Mark Lowey | EurekAlert!
Further information:
http://www.ucalgary.ca
http://www.nature.com/index.html

Further reports about: Larter Petroleum Reservoir biodegradation crude microbes

More articles from Life Sciences:

nachricht O2 stable hydrogenases for applications
23.07.2018 | Max-Planck-Institut für Chemische Energiekonversion

nachricht Scientists uncover the role of a protein in production & survival of myelin-forming cells
19.07.2018 | Advanced Science Research Center, GC/CUNY

All articles from Life Sciences >>>

The most recent press releases about innovation >>>

Die letzten 5 Focus-News des innovations-reports im Überblick:

Im Focus: Future electronic components to be printed like newspapers

A new manufacturing technique uses a process similar to newspaper printing to form smoother and more flexible metals for making ultrafast electronic devices.

The low-cost process, developed by Purdue University researchers, combines tools already used in industry for manufacturing metals on a large scale, but uses...

Im Focus: First evidence on the source of extragalactic particles

For the first time ever, scientists have determined the cosmic origin of highest-energy neutrinos. A research group led by IceCube scientist Elisa Resconi, spokesperson of the Collaborative Research Center SFB1258 at the Technical University of Munich (TUM), provides an important piece of evidence that the particles detected by the IceCube neutrino telescope at the South Pole originate from a galaxy four billion light-years away from Earth.

To rule out other origins with certainty, the team led by neutrino physicist Elisa Resconi from the Technical University of Munich and multi-wavelength...

Im Focus: Magnetic vortices: Two independent magnetic skyrmion phases discovered in a single material

For the first time a team of researchers have discovered two different phases of magnetic skyrmions in a single material. Physicists of the Technical Universities of Munich and Dresden and the University of Cologne can now better study and understand the properties of these magnetic structures, which are important for both basic research and applications.

Whirlpools are an everyday experience in a bath tub: When the water is drained a circular vortex is formed. Typically, such whirls are rather stable. Similar...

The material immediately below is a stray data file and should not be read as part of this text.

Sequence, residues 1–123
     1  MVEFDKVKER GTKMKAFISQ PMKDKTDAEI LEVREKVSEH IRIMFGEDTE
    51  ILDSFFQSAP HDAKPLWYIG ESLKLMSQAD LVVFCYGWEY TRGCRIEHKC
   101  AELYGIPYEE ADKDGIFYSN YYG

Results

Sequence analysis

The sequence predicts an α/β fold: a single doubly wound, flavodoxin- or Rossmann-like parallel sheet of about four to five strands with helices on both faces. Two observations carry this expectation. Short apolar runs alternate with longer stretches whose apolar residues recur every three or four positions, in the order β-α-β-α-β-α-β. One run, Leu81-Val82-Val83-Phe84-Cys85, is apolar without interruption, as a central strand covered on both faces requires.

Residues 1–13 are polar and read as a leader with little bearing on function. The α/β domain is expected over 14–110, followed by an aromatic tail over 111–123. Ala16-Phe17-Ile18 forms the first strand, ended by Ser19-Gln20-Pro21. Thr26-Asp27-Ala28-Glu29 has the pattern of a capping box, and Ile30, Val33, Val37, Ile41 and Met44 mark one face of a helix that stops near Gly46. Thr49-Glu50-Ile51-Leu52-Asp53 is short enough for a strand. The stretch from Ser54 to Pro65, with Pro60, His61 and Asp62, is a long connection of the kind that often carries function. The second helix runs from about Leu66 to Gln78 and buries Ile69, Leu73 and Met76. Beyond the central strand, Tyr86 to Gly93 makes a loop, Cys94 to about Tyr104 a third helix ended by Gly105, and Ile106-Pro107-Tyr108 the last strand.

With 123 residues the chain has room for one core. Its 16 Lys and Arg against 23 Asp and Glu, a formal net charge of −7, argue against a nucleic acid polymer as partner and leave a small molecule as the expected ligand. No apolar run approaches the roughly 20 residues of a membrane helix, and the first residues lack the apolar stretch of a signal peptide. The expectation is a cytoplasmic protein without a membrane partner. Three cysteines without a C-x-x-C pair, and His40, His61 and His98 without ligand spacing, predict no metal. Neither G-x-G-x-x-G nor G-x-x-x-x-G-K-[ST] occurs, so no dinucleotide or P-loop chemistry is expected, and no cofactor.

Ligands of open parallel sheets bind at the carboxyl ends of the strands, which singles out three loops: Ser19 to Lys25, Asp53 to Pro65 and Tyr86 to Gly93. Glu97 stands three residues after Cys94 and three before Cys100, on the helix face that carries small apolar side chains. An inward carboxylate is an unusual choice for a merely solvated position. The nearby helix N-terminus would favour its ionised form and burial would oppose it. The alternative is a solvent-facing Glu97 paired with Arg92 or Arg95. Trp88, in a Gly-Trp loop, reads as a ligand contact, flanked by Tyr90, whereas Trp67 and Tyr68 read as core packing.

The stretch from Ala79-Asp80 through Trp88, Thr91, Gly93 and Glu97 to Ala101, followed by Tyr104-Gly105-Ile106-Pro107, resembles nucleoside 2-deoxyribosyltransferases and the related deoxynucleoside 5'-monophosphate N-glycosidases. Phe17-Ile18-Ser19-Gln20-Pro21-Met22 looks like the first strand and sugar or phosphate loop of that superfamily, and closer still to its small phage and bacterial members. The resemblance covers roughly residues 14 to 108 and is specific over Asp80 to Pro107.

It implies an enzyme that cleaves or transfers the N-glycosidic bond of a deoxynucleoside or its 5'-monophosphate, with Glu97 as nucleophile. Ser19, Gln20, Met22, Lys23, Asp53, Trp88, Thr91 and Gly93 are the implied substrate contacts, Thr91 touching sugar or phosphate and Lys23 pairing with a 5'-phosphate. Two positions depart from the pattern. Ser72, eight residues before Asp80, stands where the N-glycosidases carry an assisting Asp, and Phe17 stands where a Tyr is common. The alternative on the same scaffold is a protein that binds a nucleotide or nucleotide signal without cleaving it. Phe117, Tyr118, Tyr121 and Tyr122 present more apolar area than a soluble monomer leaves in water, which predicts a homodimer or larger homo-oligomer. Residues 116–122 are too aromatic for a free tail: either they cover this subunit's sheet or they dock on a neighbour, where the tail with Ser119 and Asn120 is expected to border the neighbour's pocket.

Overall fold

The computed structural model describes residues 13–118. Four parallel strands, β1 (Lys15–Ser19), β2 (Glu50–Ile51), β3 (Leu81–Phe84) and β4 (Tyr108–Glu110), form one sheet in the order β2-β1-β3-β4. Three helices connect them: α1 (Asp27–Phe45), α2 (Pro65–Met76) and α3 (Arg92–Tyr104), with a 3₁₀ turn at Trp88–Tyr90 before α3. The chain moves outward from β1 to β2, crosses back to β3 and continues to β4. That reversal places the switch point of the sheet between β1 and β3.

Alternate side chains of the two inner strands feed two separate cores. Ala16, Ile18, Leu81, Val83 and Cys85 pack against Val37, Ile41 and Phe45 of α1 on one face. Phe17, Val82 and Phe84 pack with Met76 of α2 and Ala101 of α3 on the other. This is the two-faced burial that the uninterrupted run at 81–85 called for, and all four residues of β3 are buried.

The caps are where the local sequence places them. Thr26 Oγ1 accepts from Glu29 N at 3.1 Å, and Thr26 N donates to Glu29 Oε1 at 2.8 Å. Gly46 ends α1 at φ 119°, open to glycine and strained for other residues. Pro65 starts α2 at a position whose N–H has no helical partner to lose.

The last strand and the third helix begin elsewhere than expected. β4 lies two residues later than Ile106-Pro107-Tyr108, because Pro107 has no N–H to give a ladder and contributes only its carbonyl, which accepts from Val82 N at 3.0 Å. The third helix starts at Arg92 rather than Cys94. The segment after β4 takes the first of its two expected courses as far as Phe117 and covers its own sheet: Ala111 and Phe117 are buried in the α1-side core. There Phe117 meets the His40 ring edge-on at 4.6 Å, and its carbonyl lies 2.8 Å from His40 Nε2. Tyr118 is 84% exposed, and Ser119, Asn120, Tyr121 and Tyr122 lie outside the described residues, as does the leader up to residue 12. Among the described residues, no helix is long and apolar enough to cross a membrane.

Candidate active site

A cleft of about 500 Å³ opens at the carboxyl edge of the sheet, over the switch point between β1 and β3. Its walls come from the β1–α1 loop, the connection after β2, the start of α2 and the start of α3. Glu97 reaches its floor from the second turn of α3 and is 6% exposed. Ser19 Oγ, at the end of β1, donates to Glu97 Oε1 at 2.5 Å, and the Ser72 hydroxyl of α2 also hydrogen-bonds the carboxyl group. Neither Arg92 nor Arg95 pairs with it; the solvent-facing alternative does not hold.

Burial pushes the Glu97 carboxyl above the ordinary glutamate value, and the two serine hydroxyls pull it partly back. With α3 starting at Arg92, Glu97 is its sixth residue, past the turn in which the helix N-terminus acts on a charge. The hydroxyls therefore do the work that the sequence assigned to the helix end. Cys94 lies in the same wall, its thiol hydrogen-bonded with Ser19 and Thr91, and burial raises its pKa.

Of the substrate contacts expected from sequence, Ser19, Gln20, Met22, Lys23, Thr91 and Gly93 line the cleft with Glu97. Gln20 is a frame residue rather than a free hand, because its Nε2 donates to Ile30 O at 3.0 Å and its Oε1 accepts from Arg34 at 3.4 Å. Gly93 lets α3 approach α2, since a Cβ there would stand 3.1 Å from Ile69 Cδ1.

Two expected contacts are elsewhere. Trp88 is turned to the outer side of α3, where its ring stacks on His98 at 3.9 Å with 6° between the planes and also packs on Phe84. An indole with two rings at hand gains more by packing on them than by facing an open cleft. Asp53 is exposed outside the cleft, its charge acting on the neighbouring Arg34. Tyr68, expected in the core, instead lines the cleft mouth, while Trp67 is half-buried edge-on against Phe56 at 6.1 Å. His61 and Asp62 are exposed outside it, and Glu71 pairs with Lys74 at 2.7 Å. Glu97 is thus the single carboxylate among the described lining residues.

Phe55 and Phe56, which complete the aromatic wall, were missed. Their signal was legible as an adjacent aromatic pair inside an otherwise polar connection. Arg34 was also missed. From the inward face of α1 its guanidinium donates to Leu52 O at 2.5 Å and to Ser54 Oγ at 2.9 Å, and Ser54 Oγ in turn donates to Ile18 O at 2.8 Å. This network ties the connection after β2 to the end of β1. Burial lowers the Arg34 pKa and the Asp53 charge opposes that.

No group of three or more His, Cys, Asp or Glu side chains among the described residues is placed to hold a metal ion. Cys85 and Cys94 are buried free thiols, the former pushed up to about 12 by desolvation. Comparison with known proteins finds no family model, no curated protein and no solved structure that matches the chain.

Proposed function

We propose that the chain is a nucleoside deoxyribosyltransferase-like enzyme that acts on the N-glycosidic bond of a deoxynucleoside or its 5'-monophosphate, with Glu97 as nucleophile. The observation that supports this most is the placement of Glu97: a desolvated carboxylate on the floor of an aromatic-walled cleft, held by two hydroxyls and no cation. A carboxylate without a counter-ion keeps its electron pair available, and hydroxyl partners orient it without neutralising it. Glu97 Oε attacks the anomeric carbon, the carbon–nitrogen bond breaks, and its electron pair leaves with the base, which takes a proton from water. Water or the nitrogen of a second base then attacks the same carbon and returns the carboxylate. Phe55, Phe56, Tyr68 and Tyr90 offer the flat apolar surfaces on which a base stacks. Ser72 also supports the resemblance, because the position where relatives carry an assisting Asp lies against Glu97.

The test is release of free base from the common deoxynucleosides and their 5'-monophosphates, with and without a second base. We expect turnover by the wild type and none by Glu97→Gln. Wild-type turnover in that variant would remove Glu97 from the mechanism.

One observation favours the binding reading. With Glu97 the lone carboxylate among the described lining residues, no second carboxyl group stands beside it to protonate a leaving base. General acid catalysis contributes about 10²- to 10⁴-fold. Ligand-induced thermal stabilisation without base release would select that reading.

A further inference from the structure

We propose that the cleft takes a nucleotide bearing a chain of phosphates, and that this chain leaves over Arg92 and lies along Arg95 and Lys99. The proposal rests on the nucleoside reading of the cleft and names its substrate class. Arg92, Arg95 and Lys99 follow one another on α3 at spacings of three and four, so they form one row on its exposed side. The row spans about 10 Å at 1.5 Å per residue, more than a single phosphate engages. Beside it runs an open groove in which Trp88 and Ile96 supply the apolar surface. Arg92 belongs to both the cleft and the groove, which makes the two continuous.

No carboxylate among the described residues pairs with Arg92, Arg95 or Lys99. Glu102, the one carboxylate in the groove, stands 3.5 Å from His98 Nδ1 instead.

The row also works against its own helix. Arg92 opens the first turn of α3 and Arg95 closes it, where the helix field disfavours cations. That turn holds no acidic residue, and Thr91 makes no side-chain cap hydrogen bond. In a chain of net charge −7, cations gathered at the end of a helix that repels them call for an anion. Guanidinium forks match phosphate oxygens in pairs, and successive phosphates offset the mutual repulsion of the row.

Im Focus: Breaking the bond: To take part or not?

Physicists working with Roland Wester at the University of Innsbruck have investigated if and how chemical reactions can be influenced by targeted vibrational excitation of the reactants. They were able to demonstrate that excitation with a laser beam does not affect the efficiency of a chemical exchange reaction and that the excited molecular group acts only as a spectator in the reaction.

A frequently used reaction in organic chemistry is nucleophilic substitution. It plays, for example, an important role in in the synthesis of new chemical...

Im Focus: New 2D Spectroscopy Methods

Optical spectroscopy allows investigating the energy structure and dynamic properties of complex quantum systems. Researchers from the University of Würzburg present two new approaches of coherent two-dimensional spectroscopy.

"Put an excitation into the system and observe how it evolves." According to physicist Professor Tobias Brixner, this is the credo of optical spectroscopy....

All Focus news of the innovation-report >>>

Anzeige

Anzeige

VideoLinks
Industry & Economy
Event News

Leading experts in Diabetes, Metabolism and Biomedical Engineering discuss Precision Medicine

13.07.2018 | Event News

Conference on Laser Polishing – LaP: Fine Tuning for Surfaces

12.07.2018 | Event News

11th European Wood-based Panel Symposium 2018: Meeting point for the wood-based materials industry

03.07.2018 | Event News

 
Latest News

Enabling technology in cell-based therapies: Scale-up, scale-out or program in-place

23.07.2018 | Health and Medicine

Abrupt cloud clearing events over southeast Atlantic Ocean are new piece in climate puzzle

23.07.2018 | Earth Sciences

The Maturation Pattern of the Hippocampus Drives Human Memory Deve

23.07.2018 | Science Education

VideoLinks
Science & Research
Overview of more VideoLinks >>>